As part of the Laboratory for Innovation Science at Harvard's (LISH) ongoing efforts to cultivate a robust network of academics and practitioners, we are launching a newsletter that will keep you up-to-date on: 
  • Announcements and updates on events and ongoing research; 
  • New collaboration and research opportunities; and 
  • New publications and resources; 
We look forward to continuing to contribute to the growth of this exciting and robust community. 

Innovation Science Guide 
Introducing the Innovation Science Guide, a comprehensive repository of resources that range from practitioner-focused white papers to peer-reviewed journals to presentations and videos that are all related to the science of innovation. While users will find a range of resources from LISH, they will also find resources from a range of industry partners and fellow academics. Explore here
The Role of Inducement Prizes

Join Us!
Register to participate in a free, one-day workshop hosted by the National Academies of Sciences, Engineering and Medicine, in cooperation with the Laboratory for Innovation Science at Harvard, that will explore the role of inducement prize contests within the U.S. innovation ecosystem in Washington, DC, on May 29, 2019 from 9:00AM - 5:30PM.

Register to attend in person via our Eventbrite registration page. 

Register to view the live webcast using our Zoom registration page.

 The Keck Center of the National Academies
, 500 5th Street, NW
 Washington, DC, 20001 
 May 29, 2019, 
9:00AM – 5:30PM


Business of Sports: Lab in the Field Experiment
The Lab in the Field experiment is investigating performance effects of different feedback design choices to establish how feedback can be customized to optimize performance. LISH's study exploits a novel commercial soccer training simulator in Austria—the skills.lab—and is currently collecting data by having a sample of professional and semi-professional soccer players taking part.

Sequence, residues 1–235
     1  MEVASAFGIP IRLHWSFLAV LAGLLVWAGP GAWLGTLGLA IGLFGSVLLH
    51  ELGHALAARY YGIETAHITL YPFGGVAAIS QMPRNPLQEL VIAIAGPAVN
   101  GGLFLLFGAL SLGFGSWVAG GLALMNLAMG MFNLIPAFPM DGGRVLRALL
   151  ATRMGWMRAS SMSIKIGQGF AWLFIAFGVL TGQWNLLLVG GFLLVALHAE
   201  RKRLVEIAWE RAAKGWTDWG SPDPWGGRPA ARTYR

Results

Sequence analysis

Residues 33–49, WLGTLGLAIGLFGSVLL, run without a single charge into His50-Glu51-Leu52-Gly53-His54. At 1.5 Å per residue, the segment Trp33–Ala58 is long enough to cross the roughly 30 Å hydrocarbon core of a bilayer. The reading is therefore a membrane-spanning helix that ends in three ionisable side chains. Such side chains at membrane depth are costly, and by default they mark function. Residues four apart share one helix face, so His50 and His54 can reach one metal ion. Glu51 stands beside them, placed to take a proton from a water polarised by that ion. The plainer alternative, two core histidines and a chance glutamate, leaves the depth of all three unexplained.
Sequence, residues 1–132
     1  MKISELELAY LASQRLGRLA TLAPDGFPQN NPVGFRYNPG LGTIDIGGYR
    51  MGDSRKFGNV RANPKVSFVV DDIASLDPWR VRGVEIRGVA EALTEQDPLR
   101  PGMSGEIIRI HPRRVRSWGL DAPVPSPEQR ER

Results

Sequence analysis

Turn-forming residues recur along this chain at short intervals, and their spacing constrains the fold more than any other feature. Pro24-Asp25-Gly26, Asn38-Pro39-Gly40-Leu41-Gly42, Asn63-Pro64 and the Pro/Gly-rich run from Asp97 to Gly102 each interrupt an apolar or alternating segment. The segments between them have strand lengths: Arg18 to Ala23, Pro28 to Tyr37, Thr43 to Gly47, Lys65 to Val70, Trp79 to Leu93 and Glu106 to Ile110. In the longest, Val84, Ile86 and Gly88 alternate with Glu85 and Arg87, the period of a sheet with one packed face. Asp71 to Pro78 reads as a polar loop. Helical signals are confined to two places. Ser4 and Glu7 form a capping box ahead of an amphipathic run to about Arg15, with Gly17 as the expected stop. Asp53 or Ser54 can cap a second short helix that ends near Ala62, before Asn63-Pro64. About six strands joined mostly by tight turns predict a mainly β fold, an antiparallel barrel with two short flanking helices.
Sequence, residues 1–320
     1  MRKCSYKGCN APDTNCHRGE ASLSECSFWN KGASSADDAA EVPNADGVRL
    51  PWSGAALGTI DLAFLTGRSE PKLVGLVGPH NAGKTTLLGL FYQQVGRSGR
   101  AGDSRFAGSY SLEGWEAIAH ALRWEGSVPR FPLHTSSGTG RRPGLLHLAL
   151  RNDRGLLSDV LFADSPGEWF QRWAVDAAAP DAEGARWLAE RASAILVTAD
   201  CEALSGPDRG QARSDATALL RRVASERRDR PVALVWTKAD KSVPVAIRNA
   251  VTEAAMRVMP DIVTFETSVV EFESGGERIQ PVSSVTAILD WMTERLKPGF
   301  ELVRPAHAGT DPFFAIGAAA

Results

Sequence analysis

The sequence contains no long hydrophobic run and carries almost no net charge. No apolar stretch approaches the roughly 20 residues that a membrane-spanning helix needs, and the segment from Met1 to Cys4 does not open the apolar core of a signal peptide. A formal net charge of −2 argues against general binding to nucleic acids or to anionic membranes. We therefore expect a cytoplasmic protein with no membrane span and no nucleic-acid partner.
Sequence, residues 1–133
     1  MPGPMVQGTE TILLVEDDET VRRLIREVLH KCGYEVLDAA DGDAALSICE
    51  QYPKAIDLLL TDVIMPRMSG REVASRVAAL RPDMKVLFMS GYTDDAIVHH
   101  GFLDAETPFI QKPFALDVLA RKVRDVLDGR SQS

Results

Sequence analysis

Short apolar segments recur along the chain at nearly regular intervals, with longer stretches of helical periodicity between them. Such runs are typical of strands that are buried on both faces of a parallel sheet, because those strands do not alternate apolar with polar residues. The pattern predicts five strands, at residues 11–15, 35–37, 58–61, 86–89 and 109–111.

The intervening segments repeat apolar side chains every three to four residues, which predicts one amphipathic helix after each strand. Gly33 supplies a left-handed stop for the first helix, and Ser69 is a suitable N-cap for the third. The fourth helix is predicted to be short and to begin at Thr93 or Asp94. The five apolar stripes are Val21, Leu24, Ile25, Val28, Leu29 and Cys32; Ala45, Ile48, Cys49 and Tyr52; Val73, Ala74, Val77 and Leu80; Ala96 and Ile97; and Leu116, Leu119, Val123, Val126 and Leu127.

Professional soccer players like Jörg Siebenhandl, Thomas Schrammel, and Markus Pink (above) from SK Sturm Graz, which is currently playing for the Austrian championship in their highest division, are seen at the skills.lab.

This study is led by the Center of Sports and Management (CSM), headed by Prof. Sascha L. Schmidt at WHU — Otto Beisheim School of Management, a leading business school in Germany. LISH's very own Sebastian Koppers is the primary investigator for this study, working alongside Patrick Ferguson

Launching Breakthrough Technologies 
All of Launching Breakthrough Technologies, our HarvardX online course, is now available! In addition to hearing from LISH co-director Karim Lakhani, you’ll hear from UCSD’s Vish Krishnan as well as a number of founders, funders, innovators, and entrepreneurs throughout the course. Learn from their experiences about what works (and what doesn’t) when setting out to start a new venture. We provide some real-world technologies for you to practice walking through the process of technology commercialization. Register for free here.

LISH Presents at IGL2019 
Several members of LISH will present their cutting-edge innovation research at the IGL2019 Global Conference in Berlin from May 21-24. IGL is an annual conference during which LISH partners with Nesta’s Innovation Growth Lab and other innovation leaders to bring together senior policymakers, practitioners and researchers from across the globe to explore future innovation and entrepreneurship policies. We will be tweeting from the conference as Rem Koning, Misha Teplitskiy, and Haylee Ham present – watch for tweets from @LISHarvard with the hashtag #IGL2019 for updates and to join in the conversation! 

Click here more information or to register